Universal precautions are not just to protect us
Do your part to limit the spread of infectious disease and hospital-acquired infections by improving your hand hygiene practices
One morning, a Joint Commission site surveyor was on a Med-Surg floor, when a BLS ambulance crew came in to transfer one of the patients to another hospital. The crew came out of the patient’s room with their gloves on and grabbed the hospital’s automatic blood pressure cuff, which was on a rolling cart in the hallway. They used it to take the patient’s blood pressure, and returned the cart to the hallway. The surveyor made a note that the cuff and cart handle were not cleaned before or after use and that the EMT had the same pair of gloves on the whole time.
Next, the EMT walked over to the counter at the nurse’s station, and entered the patient’s vital signs in her tablet computer with the same pair of gloves on her hands. A nurse came out of another patient’s room and asked if anyone could help him move his patient from a wheelchair back into bed. This same helpful EMT volunteered and went into the room, helped move the patient into bed. She then went back to transfer the original patient to the other hospital. The whole time she had the same pair of gloves on.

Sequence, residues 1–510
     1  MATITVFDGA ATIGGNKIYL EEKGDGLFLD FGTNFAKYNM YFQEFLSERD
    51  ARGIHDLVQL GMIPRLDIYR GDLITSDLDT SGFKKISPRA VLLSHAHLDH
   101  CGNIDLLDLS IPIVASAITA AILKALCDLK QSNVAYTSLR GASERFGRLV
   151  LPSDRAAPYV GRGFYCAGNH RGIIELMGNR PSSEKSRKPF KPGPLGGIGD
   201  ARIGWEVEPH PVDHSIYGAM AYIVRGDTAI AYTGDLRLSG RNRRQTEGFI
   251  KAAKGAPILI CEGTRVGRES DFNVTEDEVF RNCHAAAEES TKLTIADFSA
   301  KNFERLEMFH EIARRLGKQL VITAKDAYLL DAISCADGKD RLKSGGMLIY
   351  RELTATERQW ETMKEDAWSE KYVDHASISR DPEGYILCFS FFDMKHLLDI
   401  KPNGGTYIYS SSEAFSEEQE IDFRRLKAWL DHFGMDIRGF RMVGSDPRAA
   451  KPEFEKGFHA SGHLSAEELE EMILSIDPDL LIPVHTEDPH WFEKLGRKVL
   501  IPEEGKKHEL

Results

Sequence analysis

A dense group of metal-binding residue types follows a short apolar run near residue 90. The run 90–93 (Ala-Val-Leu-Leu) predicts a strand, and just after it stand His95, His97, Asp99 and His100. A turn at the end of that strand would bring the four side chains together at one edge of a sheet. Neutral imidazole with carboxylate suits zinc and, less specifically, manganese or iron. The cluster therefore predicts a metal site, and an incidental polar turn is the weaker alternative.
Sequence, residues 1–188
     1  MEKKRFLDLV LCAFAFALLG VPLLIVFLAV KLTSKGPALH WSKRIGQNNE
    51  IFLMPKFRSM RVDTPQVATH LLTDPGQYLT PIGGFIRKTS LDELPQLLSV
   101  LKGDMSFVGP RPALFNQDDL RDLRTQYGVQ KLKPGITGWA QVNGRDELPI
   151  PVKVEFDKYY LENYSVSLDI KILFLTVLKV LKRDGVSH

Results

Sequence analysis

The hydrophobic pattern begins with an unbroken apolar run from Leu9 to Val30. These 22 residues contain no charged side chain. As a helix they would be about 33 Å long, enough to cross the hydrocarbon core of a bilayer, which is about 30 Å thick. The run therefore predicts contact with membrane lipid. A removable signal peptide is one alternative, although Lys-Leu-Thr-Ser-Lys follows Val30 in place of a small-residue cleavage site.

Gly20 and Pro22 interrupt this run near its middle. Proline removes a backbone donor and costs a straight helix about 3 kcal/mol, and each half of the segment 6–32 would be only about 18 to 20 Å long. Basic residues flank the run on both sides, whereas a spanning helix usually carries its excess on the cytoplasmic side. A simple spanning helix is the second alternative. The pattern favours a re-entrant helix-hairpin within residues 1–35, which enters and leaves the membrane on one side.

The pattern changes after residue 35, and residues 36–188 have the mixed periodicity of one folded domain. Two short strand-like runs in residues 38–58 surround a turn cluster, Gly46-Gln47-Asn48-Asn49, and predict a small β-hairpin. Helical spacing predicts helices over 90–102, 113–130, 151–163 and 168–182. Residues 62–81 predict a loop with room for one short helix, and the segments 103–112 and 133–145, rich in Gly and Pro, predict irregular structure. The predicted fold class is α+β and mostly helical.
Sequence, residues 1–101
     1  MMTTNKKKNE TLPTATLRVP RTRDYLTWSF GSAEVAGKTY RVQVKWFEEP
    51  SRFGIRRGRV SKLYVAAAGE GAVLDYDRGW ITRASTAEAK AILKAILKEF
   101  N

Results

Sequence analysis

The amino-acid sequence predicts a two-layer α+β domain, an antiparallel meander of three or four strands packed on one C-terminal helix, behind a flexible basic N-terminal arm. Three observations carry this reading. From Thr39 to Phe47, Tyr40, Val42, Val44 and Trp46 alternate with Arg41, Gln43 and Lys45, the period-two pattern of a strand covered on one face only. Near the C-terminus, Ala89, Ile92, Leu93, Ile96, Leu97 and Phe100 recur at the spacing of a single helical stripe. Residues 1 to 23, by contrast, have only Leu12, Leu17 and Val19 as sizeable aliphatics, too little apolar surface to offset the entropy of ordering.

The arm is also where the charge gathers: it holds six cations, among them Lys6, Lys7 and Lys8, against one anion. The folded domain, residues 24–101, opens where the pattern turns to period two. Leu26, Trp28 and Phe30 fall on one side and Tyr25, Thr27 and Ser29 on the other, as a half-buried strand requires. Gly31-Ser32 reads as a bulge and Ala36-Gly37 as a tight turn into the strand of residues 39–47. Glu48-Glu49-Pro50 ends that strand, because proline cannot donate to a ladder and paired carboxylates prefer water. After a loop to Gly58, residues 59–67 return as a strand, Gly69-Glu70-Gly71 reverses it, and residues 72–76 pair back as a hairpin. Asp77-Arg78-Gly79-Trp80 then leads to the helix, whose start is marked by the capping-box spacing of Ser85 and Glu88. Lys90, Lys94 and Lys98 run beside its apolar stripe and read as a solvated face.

The surveyor reported her observations to the hospital administration with the admonition that the hospital would be penalized in the report for the unsafe actions of the EMT. She added that the hospital is responsible for the actions of EMS providers while they are in the facility.
This story was instantly shared with sister hospitals in the network.
That afternoon, a nurse educator working a shift in the ICU at one of these hospitals was at her desk. She observed an ALS ambulance crew doing an urgent transfer pushing their patient out of the hospital room with the same gloves on that they had used to move the patient onto their stretcher. One of the providers came over to the counter at the nurses’ station, wearing the same gloves, and picked up the patient’s transfer paperwork and touched the counter.
This nurse followed the crew to the ambulance and attempted to explain the risks of cross-contamination and why they needed to use better hand hygiene practices. Unfortunately, the crew was not receptive, stating, “Yea, that’s not going to happen,” as they pushed the elevator button (with the same gloves on).
Immediate steps to improve hand hygiene
Most of us were taught that universal precautions and the use of gloves are to protect us from getting sick. That’s only part of the equation. It’s time for us to join the rest of the healthcare world and protect our patients as well as we protect ourselves.
Over the last few decades, I’ve had the opportunity to ride with hundreds of fire, private ambulance, third service, air and hospital-based EMS crews throughout the U.S., Canada, Europe, Australia, Israel and Palestine. I’ve yet to see one crew that practiced hand hygiene that would allow them to serve burgers and fries at an average fast food restaurant. Ninety percent of the time, the gloves go on before we arrive on the scene and only come off after the stretcher has been re-made at the hospital.